Finally, just before reaching Aiguillon, where the Lot River meets the Garonne River, take a little detour to Clairac where you will see the ruins of a Benedictine Abbey dating from 782. This is a peaceful town which inspired Montesquieu to write the 'Lettres persanes' (Persian Letters) here.
For your last stop in Aiguillon, visit medieval houses in the old quarter, and see the majestic confluence of the Lot and Garonne rivers. Aiguillon is a commune, like all those in this beautiful valley, where life is pleasant and nature is generous. Stendhal compared Aiguillon, in his famous novel 'Le Rouge et le Noir' (The Red and the Black), to Tuscany in Italy!
Heading north from Villeneuve sur Lot, stop in Penne d’Agenais which overlooks the majestic river valley, find the gates of the town and stroll along its steep alleyways. Penne is a tourist hot spot. There are many stalls displaying regional arts and crafts which are set up between two brick houses or half timbered houses.
A little further upstream is Tournon d’Agenais. It looks like Penne and it takes you back in time with its 13th century houses, strange moondial at the top of a clock tower, its fortifications and the beautiful views over the Lot Valley.
Fumel is a large town and one of the rare industrial towns of the Lot and Garonne. It was a strategic position for both the English and the French for a very long time. Fumel's economy was built on the goods produced in its forges and foundries. Nowadays it hosts a famous festival which takes place in the region during summer: the festival of Bonaguil-Fumel.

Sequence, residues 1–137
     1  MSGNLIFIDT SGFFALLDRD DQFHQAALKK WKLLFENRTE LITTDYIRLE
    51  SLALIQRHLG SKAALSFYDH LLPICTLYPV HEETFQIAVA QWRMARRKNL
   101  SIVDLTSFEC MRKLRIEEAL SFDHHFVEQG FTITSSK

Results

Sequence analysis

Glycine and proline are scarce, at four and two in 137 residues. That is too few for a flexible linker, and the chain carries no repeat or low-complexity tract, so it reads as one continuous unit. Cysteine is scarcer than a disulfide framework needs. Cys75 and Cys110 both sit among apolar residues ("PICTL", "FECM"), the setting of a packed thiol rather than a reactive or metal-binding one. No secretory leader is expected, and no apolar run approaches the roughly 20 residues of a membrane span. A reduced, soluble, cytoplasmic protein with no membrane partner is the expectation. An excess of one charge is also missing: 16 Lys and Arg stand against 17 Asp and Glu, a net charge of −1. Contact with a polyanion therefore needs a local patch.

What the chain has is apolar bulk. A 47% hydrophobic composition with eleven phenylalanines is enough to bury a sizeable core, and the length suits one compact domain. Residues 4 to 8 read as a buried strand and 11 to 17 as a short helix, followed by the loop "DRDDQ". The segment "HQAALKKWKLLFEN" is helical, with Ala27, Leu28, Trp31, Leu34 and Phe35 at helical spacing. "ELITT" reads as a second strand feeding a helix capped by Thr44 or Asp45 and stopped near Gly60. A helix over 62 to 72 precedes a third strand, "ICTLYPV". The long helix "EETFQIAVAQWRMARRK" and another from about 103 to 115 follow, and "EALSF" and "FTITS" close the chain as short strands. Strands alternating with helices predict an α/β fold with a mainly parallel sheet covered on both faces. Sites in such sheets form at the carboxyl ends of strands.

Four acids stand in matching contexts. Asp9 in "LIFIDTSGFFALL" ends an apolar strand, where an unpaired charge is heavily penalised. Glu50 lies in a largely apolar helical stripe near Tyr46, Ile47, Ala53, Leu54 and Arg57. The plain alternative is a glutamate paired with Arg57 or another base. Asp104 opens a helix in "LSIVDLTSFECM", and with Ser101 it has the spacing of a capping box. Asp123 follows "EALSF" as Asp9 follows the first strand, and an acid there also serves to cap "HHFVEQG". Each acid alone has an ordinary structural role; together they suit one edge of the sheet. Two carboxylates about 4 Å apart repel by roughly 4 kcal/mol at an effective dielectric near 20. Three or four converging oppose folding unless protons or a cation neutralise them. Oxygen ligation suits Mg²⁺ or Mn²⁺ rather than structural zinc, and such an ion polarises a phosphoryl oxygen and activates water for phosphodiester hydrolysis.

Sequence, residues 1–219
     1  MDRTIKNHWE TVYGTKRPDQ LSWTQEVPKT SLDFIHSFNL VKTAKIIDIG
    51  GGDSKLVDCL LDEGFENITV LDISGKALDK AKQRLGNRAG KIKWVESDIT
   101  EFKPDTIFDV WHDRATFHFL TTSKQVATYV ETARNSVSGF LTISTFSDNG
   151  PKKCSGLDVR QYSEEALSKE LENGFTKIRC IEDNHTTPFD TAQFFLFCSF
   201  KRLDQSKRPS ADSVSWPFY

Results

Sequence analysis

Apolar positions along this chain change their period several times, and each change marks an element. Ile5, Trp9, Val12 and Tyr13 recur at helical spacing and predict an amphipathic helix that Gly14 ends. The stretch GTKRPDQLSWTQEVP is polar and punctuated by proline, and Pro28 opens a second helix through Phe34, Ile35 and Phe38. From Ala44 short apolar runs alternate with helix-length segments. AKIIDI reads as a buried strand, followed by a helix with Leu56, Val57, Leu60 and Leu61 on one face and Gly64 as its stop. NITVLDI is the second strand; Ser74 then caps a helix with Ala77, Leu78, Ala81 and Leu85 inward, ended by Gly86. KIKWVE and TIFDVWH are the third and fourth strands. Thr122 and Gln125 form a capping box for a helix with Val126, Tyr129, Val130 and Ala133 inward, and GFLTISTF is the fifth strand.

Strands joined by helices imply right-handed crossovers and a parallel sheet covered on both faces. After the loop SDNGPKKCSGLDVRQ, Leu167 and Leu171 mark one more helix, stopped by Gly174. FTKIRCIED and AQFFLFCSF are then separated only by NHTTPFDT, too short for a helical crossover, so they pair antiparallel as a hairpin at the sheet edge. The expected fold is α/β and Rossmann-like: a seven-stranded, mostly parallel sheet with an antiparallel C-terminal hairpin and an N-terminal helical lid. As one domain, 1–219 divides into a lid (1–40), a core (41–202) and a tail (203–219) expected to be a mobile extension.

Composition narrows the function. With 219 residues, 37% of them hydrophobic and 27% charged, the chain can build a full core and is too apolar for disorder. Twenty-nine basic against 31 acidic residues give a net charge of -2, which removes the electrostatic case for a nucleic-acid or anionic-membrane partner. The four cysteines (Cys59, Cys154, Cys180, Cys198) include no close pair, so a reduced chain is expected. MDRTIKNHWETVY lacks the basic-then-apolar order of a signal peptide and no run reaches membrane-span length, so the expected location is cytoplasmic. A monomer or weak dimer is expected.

Zoom on Monflanquin may be the most beautiful bastide in the Lot and Garonne and one of the most beautiful villages in France. The village has retained its medieval bastide plan, created in 1256. The Place des Arcades at its centre is incredible, the façade of the fortified church towards the top of the bastide is very impressive as well as the fabulous panoramic views over the valley... With a clear sky, you can see Biron Castle on the border with the Périgord! There are many events which take place during the high season which retell the history of the bastide.
Auriane’s top tip: Take part in the treasure hunts organised by the Tourist Office for children over 7 years old. They are available every Tuesday in July and August, but you must book ahead. Learn about the bastide through games and puzzles.
Read Auriane’s article here.
This is a beautiful fortress perched on a rock in the heart of the forest, situated on the borders of Quercy and Black Périgord. Bonaguil is impressive!
The castle was built in the 13th century. Béranger de Roquefeuil, son of one of the oldest families in Languedoc, transformed it into an invincible fortress at the end of the 15th century. This is a great example of military architecture.
Enter via Barbacane, one of the first lines of defence of the castle, visit the large tower, 35m high, then the dungeon, the last major stronghold for defence.
There is a weapons' room, monumental fireplaces, tunnels and ditches. This is a fortress not to be missed!